I have finally read the transcript, which you should do as well. By now I have also seen a lot of video clips. (James Comey really says, “Lordy!” Wow.)
First, some general observations, with more detailed comments to come in a subsequent post.
1. My earlier expressed opinion of James Comey when I defended him against conservative accusations that he was giving Hillary Clinton an undeserved break by not indicting her were revealed as too generous yesterday. I still believe he is honest and non-partisan. More than ever, I believe that he is untrustworthy. He was obviously in a difficult position—many, in fact—that he was not able to successfully manage, if anyone could have. However, his oft-repeated insistence that he (and his FBI) did not play politics was exposed as false, if not dishonest (a gracious interpretation of the sort that Comey denied the President in his bitter testimony.)
2. The fake Russia collusion narrative pushed by Hillary, Democrats and the news media to simultaneously excuse her loss and undermine the Trump Presidency was killed yesterday, but will wander around like a zombie for months if not years because Trump-haters will not have the integrity to admit they were wrong. Chris Matthews, a once astute and courageous liberal Democrat reporter who morphed into a partisan, knee-jerk progressive shill and anti-Republican scold as soon as he started getting paid by MSNBC, had a sudden flashback to his days of integrity when he pronounced yesterday,
“But the big story has always beenthe assumption of the critics of the president, of his pursuers, you might say, is that somewhere along the line in the last year, the president had something to do with colluding with the Russians. Something to do, a helping hand, encouraging them,feeding their desire, to affect the election in some way, some role they played, some conversation he had with Michael Flynn, or Paul Manafort, or somewhere. And yet what came apart this morning, was that theory, because in two regards the president said according to the written testimony of Mr. Comey, ‘go ahead and get anybody satellite to my operation and nail them, I’m with you on that,’ so that would mean Manafort, Carter Page, someone like that. And then he also came across today what was fascinating, Comey said that basically Flynn wasn’t central to the Russian investigation, that he was touching on it. That there was, of course, Flynn had an honest, we assume, wasn’t honest in his answer on the official forms that he had to fill out to become a national security head.”
But it only touched on that, it wasn’t really related to that. But he could be flipped for that, but in other words, they could flip him because they had him caught on something he dishonestly answered but he wasn’t central to the Russian thing, and I always assumed that Trump was afraid of was that he had said something to Flynn, and Flynn could be flipped on that. And Flynn would testify against the president that he had had some conversation with Flynn in terms of dealing with the Russians affirmatively. And if that’s the case, where’s the there there?”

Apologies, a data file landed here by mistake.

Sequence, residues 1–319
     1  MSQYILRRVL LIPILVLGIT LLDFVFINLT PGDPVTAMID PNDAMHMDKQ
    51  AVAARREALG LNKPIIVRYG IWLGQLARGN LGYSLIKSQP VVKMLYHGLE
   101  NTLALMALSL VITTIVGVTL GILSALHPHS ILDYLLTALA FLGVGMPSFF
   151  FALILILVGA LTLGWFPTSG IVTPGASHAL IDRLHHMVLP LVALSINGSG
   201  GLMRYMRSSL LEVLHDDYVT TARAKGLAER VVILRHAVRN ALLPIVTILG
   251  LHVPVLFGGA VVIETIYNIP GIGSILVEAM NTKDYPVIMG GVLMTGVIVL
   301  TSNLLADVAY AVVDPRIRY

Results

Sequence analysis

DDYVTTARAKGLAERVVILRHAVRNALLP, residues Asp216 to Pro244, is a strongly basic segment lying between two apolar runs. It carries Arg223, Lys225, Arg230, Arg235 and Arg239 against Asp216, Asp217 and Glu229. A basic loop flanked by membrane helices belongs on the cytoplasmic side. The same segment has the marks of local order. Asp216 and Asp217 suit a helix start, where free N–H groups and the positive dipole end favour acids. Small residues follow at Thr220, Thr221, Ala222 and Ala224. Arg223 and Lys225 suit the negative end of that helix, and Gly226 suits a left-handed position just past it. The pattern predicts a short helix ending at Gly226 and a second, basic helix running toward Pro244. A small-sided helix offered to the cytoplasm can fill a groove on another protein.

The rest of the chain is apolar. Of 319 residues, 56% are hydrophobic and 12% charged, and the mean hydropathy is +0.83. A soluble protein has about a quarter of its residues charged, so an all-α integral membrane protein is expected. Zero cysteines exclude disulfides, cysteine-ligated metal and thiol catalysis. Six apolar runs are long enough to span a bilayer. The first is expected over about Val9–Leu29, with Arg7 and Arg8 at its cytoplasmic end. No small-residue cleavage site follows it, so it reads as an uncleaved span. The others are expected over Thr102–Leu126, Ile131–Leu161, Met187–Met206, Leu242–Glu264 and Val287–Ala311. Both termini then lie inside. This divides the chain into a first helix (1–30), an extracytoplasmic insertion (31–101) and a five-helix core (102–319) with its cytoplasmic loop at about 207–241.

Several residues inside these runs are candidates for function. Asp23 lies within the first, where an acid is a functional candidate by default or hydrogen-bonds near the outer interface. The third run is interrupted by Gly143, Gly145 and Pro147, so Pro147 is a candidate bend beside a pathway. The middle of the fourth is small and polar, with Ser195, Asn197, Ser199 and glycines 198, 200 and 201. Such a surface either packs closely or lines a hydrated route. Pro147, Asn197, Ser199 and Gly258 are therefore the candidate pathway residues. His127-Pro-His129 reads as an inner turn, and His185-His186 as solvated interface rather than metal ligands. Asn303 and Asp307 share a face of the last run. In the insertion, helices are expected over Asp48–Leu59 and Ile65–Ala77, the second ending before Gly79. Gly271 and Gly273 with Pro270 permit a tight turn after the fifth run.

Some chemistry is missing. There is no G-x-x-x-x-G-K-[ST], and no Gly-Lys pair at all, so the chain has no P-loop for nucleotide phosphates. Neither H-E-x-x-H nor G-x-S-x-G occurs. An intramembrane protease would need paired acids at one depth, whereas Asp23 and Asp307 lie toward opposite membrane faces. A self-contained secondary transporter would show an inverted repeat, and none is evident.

There is no there there, and never has been. Thus the anti-Trump hysterics are left with what they have always believed was proof enough: Hillary lost, leaked hacks of e-mails that led the public to realize how sleazy the Democrats were should have never been seen by voters, Trump was the beneficiary of the leaks, he had said nice things about Putin, he’s an unethical creep, and a lot of his associates had business contacts with Russia, and besides, they just know Trump is guilty.
That’s not enough; in fact, it’s nothing at all. Matthews as both a lifetime Democrat and a romantic regarding the Presidency and democracy detests Trump to his Irish-American Boston liberal core, but he knows when to get off a bandwagon that will embarrass him if he stays on board, or make it impossible for Chris to look in the mirror.
3. For a lawyer, Comey’s loose use of the term “liar” and his stated belief that he assumed that Trump was a liar early on in their relationship shows a troubling inattentiveness to his own biases, as well as a classic misunderstanding of what it means to lie. Comey said Trump lied about why Comey was fired, for example. Comey has no way of knowing which of the many legitimate reasons for firing him played the biggest role in his firing. He does not know what Trump was thinking, so he cannot assert that Trump lied. He can say that he believes Trump lied, but that is only his opinion: it does not make Trump a liar, and it is not evidence. Last ditch bitter-enders among the Impeach Trump Lynch Mob will be arguing that Comey’s various opinions and reactions prove misconduct by Trump. But lying and obstruction of justice are not like sexual harassment, where a second party, by his or her reactions, determines whether misconduct has taken place. Comey stated that he took Trump’s words that he “hoped” that the FBI would drop the Flynn investigation as a “direction.” He also could have taken it as a marmoset, but that wouldn’t mean that the President meant it as one.
Any time a supervisor says “I hope you do this,” it is a statement of what will make that supervisor happy. (Did Obama ever say to his Treasury Secretary, “I hope the IRS is tough on those tea party groups: they are about as non-partisan as I am!”?) Nevertheless, it leaves the decision in the hands of the subordinate.
4. Comey came off like a classic disgruntled former employee, and I’ve interviewed many of them, angry that he was fired and determined to do as much damage to his former supervisor as possible on the way out the door.
I thought he was better than that. Guess not. Continue reading